It's not that Thierry Harris doesn't want to grow up.

He's tried a few different jobs, different degrees, different apartments.

But when he found himself in a self-described professional and personal limbo, his parents' comfortable house in the Montreal suburbs beckoned like the flashing neon lights of the late-night pizza parlours from his university party days.

"I knew financially it would be smarter to move back with my folks while I just got things sort of sorted out,'' Harris, 27, said in an interview.

Choosing whether to listen to the devil urging independence or the angel whispering for fiscal restraint is one of the many conundrums facing a growing number of young adults who are no longer fleeing their parents' homes the minute they turn 18.

On Wednesday, Statistics Canada reported four million people aged 20 to 29 in Canada or 44 per cent lived with their parents, an almost three point jump from 2001.

In 1986, the figure was only 32 per cent.

Among people aged 20 to 24, 60 per cent were living with their parents in 2006, up from 49 per cent 20 years ago.

"Young people really are growing up in a very different social and economic climate than their parents did,'' said Barbara Mitchell, a sociologist at Simon Fraser University.

"Most of the reasons are tied to economic factors, so for example, young people need to go to school longer to get the same kind of credentials that their parents did to try and get into the labour market.''

Vaia Dimas' parents helped pay for her undergraduate degree, but when she decided to pursue higher education it was up to her to foot the bill.

Staying in her parents' Ottawa home was a logical choice, but also a cultural one _ another reason why so many young people are staying at home, as Canada's immigrant population expands.

As a Greek woman, Dimas said, it's expected that she'll remain at home until she's married. Her 27- and 25-year-old siblings are still there too.

"My friends who are Greek friends completely understand it,'' she said.

"It's the non-Greek ones who wonder about it, wonder more about the freedom aspect of it more than anything about living there.''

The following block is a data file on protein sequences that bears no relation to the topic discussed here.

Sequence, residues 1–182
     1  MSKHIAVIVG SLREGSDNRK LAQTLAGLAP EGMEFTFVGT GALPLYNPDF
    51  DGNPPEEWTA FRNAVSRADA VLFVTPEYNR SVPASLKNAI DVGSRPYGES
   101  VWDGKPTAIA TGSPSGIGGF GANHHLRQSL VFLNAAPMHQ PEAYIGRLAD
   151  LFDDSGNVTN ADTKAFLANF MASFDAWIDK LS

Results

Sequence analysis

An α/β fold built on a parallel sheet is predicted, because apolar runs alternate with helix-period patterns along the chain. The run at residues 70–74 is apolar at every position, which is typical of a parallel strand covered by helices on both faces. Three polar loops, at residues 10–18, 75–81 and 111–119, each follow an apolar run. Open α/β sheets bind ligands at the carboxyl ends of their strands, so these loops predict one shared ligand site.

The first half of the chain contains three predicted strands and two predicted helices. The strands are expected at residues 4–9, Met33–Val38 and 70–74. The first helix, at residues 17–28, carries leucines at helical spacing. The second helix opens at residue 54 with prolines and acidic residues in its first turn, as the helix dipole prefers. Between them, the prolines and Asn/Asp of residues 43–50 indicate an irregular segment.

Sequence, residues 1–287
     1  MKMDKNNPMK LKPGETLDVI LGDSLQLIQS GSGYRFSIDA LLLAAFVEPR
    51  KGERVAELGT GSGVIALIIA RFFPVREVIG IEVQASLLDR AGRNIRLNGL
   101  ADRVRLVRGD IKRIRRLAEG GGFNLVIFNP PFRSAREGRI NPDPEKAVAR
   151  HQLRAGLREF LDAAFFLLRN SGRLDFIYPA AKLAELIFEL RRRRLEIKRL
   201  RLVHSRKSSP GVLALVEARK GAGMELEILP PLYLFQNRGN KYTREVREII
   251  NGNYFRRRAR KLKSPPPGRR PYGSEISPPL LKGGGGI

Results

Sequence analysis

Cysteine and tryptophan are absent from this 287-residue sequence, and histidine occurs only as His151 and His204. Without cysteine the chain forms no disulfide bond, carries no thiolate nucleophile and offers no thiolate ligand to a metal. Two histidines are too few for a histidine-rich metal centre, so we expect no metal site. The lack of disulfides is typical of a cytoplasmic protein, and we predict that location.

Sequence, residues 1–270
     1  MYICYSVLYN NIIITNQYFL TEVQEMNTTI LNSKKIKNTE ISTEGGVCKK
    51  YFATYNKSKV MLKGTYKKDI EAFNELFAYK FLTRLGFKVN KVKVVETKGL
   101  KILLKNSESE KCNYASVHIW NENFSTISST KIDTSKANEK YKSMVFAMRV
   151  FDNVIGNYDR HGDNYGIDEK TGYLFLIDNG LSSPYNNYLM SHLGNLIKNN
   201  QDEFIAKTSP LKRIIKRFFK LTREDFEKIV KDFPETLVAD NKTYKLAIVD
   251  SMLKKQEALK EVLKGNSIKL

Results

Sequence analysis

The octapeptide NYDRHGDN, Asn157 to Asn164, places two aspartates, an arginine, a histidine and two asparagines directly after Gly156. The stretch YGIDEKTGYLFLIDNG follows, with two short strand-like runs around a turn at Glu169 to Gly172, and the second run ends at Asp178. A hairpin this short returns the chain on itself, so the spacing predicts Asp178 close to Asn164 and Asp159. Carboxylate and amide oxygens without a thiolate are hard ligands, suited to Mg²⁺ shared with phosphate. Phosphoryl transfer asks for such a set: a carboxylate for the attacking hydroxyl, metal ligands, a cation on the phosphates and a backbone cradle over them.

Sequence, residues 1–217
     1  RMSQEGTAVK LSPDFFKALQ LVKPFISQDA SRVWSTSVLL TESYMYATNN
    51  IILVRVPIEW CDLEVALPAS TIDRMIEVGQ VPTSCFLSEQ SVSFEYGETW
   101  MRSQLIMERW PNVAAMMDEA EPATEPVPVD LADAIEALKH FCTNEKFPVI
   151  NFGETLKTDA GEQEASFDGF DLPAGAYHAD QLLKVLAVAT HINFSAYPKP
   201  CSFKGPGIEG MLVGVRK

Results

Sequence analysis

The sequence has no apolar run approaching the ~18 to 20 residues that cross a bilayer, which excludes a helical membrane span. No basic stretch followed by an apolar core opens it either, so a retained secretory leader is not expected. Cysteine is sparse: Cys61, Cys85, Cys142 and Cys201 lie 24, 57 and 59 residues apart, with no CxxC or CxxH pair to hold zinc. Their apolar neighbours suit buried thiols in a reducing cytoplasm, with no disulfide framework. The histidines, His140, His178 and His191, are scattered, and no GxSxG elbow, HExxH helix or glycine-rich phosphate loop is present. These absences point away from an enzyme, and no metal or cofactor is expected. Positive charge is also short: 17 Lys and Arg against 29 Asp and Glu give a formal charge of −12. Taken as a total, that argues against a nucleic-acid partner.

But that she's 29, unmarried, and still living in her parents' house is wearing thin. Dimas said the hunt has already begun for a place of her own, which her parents are fine with, she said.

"They just bug me all the time to get married,'' she joked.

Dimas' situation hits all the key notes of the impact more young people staying at home is having on society.

By staying in school longer, they enter the workforce later, making the possibility of fantastical Freedom 55 retirement plans even less likely.

Marrying later also means children will come later too, a delayed-life transition that researchers have found has serious implications.

"They're not starting families and it means there will be less children born as people delay,'' said Roderic Beaujot, a sociology professor at the University of Western Ontario in London.

"That means our fertility will remain low. People will have fewer children than they would have liked to have had because they haven't started doing it sooner.''

Though young adults remain at home for cultural and economic pressures, the ability to stay there is also linked to that other great adolescent pressure _ sex.

They don't need to get married to have it anymore, so one of the greatest historical incentives for young adults to leave home has vanished.

"Once people are married and have children, they are pushed to have achievements at work, to maintain and increase their income,'' Beaujot said.

"There is not the kind of push that comes from that when people stay at home longer. So, if they can take time off, go and travel, (these are) all good things I think, but it means they are not pushed to becoming fully in dependant at all.''

Part of that, argues one recent book, starts in the teenage years.

Dr. Robert Epstein, author of the Case Against Adolescence, argues that society is spending too much time telling teens what they can't do as opposing to recognizing that they can.

He said his research finds that teens are as competent as adults and in many areas, like joining the military or getting married, should be allowed the same privileges.

Continuing to infantilize teens by pigeon-holing them into a culture of vapid and largely negative stereotypes and controlled by increasing regulations, simply creates a generation incapable of believing or knowing what they're capable of, the book suggests.

Moving back in, Harris said, has taken some renegotiation of the parent-child relationship, especially avoiding the teen-type bickering that characterized their encounters years ago.

"I consciously try to watch out for that because it's not treating them with respect,'' he said. "I feel bad about it afterward and realize that this is the reality. It's not easy.''